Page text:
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Award Detail

Doing Business As Name:William Marsh Rice University
  • Christopher Tunnell
  • (512) 203-9626
Award Date:08/13/2020
Estimated Total Award Amount: $ 170,010
Funds Obligated to Date: $ 170,010
  • FY 2020=$170,010
Start Date:10/01/2020
End Date:09/30/2023
Transaction Type:Grant
Awarding Agency Code:4900
Funding Agency Code:4900
CFDA Number:47.070
Primary Program Source:040100 NSF RESEARCH & RELATED ACTIVIT
Award Title or Description:CyberTraining: Implementation: Small: Enabling Dark Matter Discovery through Collaborative Cybertraining
Federal Award ID Number:2017699
DUNS ID:050299031
Parent DUNS ID:050299031
Program:CyberTraining - Training-based
Program Officer:
  • Alan Sussman
  • (703) 292-7563

Awardee Location

Street:6100 MAIN ST
Awardee Cong. District:02

Primary Place of Performance

Organization Name:William Marsh Rice University
Street:6100 Main St.
Cong. District:02

Abstract at Time of Award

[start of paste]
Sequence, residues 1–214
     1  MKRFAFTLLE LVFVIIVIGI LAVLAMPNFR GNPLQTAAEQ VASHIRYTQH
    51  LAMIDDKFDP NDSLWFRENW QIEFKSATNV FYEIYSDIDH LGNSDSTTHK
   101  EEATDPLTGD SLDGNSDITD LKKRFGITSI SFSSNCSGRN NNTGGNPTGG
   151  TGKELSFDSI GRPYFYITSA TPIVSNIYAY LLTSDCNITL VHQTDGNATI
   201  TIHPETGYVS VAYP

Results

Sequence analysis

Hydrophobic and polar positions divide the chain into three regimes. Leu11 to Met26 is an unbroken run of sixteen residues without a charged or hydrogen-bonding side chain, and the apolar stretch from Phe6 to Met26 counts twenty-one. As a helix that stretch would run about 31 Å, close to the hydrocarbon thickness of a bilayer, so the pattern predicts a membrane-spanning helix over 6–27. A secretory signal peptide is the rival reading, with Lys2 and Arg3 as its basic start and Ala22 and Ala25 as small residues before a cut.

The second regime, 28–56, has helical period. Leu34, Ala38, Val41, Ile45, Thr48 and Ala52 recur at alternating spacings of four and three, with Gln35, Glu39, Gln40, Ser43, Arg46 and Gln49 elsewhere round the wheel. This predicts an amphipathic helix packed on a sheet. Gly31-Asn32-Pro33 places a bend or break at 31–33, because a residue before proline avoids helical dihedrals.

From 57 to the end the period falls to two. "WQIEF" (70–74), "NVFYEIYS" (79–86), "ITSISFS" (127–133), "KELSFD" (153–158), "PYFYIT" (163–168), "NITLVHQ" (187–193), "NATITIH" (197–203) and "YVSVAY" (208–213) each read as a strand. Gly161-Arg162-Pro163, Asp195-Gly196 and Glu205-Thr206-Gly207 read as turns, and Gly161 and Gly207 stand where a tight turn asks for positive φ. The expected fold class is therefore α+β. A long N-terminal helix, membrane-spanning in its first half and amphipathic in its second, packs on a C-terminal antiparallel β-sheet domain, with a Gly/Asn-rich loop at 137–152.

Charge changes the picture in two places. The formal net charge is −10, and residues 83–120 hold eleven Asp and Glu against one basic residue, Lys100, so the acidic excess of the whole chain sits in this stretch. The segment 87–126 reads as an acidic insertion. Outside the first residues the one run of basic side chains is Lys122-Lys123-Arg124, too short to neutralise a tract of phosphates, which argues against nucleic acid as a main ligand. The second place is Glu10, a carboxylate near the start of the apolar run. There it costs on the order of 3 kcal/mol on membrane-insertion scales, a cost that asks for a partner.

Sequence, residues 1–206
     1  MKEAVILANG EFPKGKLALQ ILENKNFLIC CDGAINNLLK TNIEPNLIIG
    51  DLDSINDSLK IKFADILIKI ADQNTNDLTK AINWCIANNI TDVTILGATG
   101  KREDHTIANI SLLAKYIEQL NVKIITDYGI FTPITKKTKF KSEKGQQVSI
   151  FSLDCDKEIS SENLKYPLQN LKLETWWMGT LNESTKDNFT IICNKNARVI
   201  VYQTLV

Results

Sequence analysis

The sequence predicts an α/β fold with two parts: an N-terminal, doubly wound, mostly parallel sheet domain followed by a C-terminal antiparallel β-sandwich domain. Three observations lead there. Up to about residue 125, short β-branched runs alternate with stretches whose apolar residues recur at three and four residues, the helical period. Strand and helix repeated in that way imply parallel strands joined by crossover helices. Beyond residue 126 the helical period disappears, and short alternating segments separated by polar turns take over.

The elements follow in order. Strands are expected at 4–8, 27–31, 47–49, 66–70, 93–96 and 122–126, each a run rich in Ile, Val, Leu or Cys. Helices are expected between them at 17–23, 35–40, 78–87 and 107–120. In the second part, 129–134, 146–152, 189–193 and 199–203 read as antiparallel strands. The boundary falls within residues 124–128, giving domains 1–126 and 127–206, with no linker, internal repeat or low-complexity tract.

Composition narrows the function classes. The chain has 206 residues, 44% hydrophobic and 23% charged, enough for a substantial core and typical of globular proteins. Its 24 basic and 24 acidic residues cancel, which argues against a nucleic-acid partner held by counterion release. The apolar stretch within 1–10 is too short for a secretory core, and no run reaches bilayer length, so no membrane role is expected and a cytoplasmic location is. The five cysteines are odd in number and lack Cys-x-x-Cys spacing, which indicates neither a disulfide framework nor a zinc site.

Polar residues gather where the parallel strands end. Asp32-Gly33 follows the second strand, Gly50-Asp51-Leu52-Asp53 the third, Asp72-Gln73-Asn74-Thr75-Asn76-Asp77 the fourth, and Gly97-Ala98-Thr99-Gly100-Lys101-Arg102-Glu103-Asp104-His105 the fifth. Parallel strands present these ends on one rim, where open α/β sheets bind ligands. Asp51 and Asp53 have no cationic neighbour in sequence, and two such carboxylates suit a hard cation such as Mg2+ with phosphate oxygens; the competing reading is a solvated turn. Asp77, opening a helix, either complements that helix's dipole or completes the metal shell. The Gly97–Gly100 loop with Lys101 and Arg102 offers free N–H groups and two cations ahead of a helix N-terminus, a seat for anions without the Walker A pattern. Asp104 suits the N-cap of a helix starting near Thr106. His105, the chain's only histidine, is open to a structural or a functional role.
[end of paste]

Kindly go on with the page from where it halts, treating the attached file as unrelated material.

Detecting dark matter in the lab would be transformational for physics, and such a difficult measurement requires providing a foundation for early-career scientists in advanced data analytics. The science question being pursued is generally acknowledged to be one of the most important questions in particle physics and astrophysics and is key to understanding what makes up the vast majority of the universe. Effective training in good computing practices is required for major research advances in this field. The project will consolidate and strengthen training efforts in scientific software development and data analysis within the field of experimental dark matter research. Scientifically, the training will enable discovery that will come from a world-wide effort consisting of hundreds of junior scientists searching for extremely-rare events on petabytes of data - effectively looking for a needle in a haystack the size of Texas. The project serves the national interest as stated by NSF's mission to promote the progress of science by preparing a workforce trained in cyberinfrastructure, and will support STEM disciplines with critical software training that is much needed both in scientific fields and in industry. The dark matter community consists of more than a thousand scientists at the frontier of ultra-rare event searches whose efforts support more than twenty different experiments. Searching for dark matter in multiple ways has resulted in disparate and often inadequate computational training. This project addresses the training problem to maximize impact across the field. Representing three leading dark matter experiments, the project investigators will develop educational material and training workshops for systematic data science education to ensure early career scientists can harness the data volumes being produced by modern experiments. The project will host two training workshops per year, toward the goal of developing a community of instructors and also a set of training materials for free distribution and reuse. Beyond domain-specific training in rare-event searches, foundational computational knowledge will be developed when necessary by working with partners such as the Software and Data Carpentries. The project includes specific goals to engage women and underrepresented minorities in the training activities and broaden their advancement within the field. Additionally, the project will provide mentors for advanced students through hackathons. These trainings will directly contribute to broader STEM workforce development while training students such that they can pursue careers in data science and/or data-intensive research. This project is funded by the Office of Advanced Cyberinfrastructure in the Directorate for Computer and Information Science and Engineering and the Division of Physics in the Directorate for Mathematical and Physical Sciences. This award reflects NSF's statutory mission and has been deemed worthy of support through evaluation using the Foundation's intellectual merit and broader impacts review criteria.

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